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I installed SonarQube and sonar-runner, and the web server seems to work just fine as I can browse it. I tried to keep things as simple as I could, I put the "sonar-project.properties" file in my project's source folder and gave . as the sonar.sources path. After doing so, the console output reported success and the web page listed my project and last analysis date, but when I went into the "Compare" tool to look at statistics it showed all items as blank, except for issues for which is displayed the number 0.

I edited the sonar-project.properties file to give the full path (instead of a relative current directory path of .) to my project's source code, replacing backslashes with forward slashes, and ran the sonar-runner command again from the command line while the working directory was the path of my source folder. It again reported success and when I reloaded the web page, it gave an updated last analysis date, but again no issues were reported and the statistics were all blank.

I have no idea what I'm doing wrong, the Sonar log only reports the installation and starting of the Windows service, and it doesn't indicate any problems. The StartNTService script starts the service without error, but the StartSonar script reports "jvm 1 | WrapperSimpleApp: Encountered an error running main: org.apache.catalina.LifecycleException: Failed to initialize component [StandardServer[-1]]". I don't know if that's relevant for the way I'm using SonarQube as a Windows service. I'm using pretty much all default configuration except I edited the sonar-runner.properties file by un-commented these lines:

sonar.host.url=http://localhost:9000
...
sonar.sourceEncoding=UTF-8

If anybody can help me figure out how to get this to work, I would greatly appreciate it. I am running Windows XP Pro x64 SP2 and Java 1.7.0_51 (32 bit). On my first attempt I did incorrectly use the 64 bit service install/launch scripts but when the console output indicated it didn't match the JVM architecture, I stopped and uninstalled the service and installed and launched the 32 bit service.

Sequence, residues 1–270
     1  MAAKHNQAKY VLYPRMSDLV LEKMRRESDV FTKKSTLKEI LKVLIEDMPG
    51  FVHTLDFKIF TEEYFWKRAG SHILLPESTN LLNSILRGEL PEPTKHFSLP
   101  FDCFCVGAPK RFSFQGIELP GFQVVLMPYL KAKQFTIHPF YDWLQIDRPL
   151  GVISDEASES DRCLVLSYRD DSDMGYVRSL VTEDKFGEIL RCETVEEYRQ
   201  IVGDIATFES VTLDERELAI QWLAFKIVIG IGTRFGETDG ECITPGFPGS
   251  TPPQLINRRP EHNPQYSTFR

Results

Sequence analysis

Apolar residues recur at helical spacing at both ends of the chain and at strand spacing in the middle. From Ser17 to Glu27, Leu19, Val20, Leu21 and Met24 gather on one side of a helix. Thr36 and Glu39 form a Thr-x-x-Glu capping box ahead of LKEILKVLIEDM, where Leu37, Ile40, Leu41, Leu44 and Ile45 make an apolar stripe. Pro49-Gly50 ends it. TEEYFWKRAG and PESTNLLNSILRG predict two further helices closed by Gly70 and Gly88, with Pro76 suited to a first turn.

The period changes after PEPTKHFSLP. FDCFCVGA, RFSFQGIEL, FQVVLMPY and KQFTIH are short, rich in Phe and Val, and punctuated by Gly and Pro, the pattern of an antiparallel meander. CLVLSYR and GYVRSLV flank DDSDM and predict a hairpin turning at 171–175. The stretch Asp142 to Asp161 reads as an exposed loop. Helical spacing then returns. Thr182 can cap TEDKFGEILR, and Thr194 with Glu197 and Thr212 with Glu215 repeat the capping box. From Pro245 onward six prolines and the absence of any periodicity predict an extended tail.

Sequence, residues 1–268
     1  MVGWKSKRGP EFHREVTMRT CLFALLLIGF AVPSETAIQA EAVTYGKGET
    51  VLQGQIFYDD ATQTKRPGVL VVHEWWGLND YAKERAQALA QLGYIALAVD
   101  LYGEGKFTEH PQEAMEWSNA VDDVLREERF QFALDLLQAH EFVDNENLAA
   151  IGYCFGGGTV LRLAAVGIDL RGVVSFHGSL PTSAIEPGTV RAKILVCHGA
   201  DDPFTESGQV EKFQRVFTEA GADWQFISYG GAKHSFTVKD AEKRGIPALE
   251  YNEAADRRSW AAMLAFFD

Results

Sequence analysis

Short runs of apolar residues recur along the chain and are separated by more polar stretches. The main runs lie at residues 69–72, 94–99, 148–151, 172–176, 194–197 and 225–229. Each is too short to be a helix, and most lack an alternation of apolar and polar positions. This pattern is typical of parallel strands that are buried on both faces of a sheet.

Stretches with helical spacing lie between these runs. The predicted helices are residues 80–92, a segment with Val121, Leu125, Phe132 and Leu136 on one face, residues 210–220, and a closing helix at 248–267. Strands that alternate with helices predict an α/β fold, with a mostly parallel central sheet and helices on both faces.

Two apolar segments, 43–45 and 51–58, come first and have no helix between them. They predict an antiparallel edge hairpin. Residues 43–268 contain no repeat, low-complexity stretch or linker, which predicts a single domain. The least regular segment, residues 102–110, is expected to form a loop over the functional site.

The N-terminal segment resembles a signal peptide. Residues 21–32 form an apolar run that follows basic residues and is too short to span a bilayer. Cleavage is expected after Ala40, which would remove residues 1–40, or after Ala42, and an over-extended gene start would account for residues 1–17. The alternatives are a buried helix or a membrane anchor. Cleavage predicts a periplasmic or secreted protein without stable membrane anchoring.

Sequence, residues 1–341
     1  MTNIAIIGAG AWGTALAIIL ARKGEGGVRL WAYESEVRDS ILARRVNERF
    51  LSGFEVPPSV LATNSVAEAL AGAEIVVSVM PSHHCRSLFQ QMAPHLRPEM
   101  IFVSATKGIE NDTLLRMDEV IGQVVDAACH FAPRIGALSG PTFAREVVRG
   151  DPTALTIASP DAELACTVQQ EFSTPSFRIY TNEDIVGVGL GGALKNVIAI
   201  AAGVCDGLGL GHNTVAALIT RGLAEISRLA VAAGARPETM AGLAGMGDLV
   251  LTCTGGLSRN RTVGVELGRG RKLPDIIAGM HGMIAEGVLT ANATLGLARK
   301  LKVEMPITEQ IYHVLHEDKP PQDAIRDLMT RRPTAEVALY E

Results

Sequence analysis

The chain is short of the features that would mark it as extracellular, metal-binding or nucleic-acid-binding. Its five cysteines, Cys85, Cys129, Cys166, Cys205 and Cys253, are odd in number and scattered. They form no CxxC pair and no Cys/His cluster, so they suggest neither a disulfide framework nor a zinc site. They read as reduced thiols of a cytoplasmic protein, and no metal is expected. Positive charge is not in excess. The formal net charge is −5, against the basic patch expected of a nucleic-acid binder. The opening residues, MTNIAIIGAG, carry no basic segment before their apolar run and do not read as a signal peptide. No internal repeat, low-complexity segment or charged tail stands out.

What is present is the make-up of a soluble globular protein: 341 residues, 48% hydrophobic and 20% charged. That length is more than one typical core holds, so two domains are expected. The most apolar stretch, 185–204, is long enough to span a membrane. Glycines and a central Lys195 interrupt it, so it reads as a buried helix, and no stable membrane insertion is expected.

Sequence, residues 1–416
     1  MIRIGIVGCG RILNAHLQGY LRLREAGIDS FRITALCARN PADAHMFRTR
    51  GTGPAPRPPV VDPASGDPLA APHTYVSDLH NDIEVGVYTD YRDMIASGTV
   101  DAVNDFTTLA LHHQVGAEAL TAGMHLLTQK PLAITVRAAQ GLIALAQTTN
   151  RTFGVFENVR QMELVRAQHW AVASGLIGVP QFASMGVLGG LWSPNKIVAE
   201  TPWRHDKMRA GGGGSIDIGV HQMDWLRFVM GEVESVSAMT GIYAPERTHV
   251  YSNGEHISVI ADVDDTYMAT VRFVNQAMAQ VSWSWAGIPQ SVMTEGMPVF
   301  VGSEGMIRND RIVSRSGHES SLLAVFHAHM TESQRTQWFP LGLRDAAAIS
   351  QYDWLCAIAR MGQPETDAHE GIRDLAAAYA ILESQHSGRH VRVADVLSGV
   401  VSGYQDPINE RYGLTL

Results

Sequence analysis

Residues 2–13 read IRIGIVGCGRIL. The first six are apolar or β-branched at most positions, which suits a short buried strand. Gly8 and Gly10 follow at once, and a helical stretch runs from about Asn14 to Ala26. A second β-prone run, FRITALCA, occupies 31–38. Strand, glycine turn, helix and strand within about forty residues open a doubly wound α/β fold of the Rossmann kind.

Edit: I'm using Sonarqube version 4.2 and Sonar-runner version 2.3.

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Using . as sonar.sources should definitely work. Which language(s) do you want to analyze? Did you make sure to have the plugins required for th(is|ese) language(s)? –  Mithfindel Apr 24 '14 at 7:11
    
My program is written in C, but some third party source files written in C++ are also used. Perhaps I misunderstood things. I see that a commercial C/C++ plugin is offered, I guess that means I won't be able to use SonarQube for free, and that the other plugins that bundle with it won't be able to operate either? –  raynebc Apr 24 '14 at 16:41

1 Answer 1

up vote 0 down vote accepted

By default, SonarQube is packaged with the Java ecosystem (Java, Checkstyle, PMD), but for C/C++ you will have to install one of the plugins that support analysis of these languages.

There is a commercial C++ plugin from SonarSource and a free Community Plugin.

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Thank you. I downloaded the latest version of the community cxx plugin (0.9), stopped the Sonar service, put the plugin file (sonar-cxx-plugin-0.9.jar) in the extensions\plugins directory of my SonarQube installation, started the service, went to the updatecenter URL, logged in with the default admin account, verified "C++ (Community) [cxx] 0.9" was listed as an installed plugin, ran sonar-runner and saw it mention downloading and installing the cxx plugin, but when it finished, the SonarQube web page still behaved the same (all stats blank, 0 issues detected). Anything else I missed? –  raynebc Apr 24 '14 at 19:38
    
After some more research I found I had to add "sonar.language=c++" to the sonar-project.properties file, and after doing so, launching sonar-runner again seemed to work, as it now gives statistics for the project. Another page I saw indicated I'd have to specify the sonar.language as "cxx" instead of "c++", but it seemed to work anyway. Is there anything left for me to set up? –  raynebc Apr 24 '14 at 19:49
    
It says there are 0 issues.. I may already be using several static code analysis programs, but I'm still skeptical about 0 issues found. Short of intentionally introducing bugs to see if they get flagged, is there something else I could do to validate the results? –  raynebc Apr 24 '14 at 19:53

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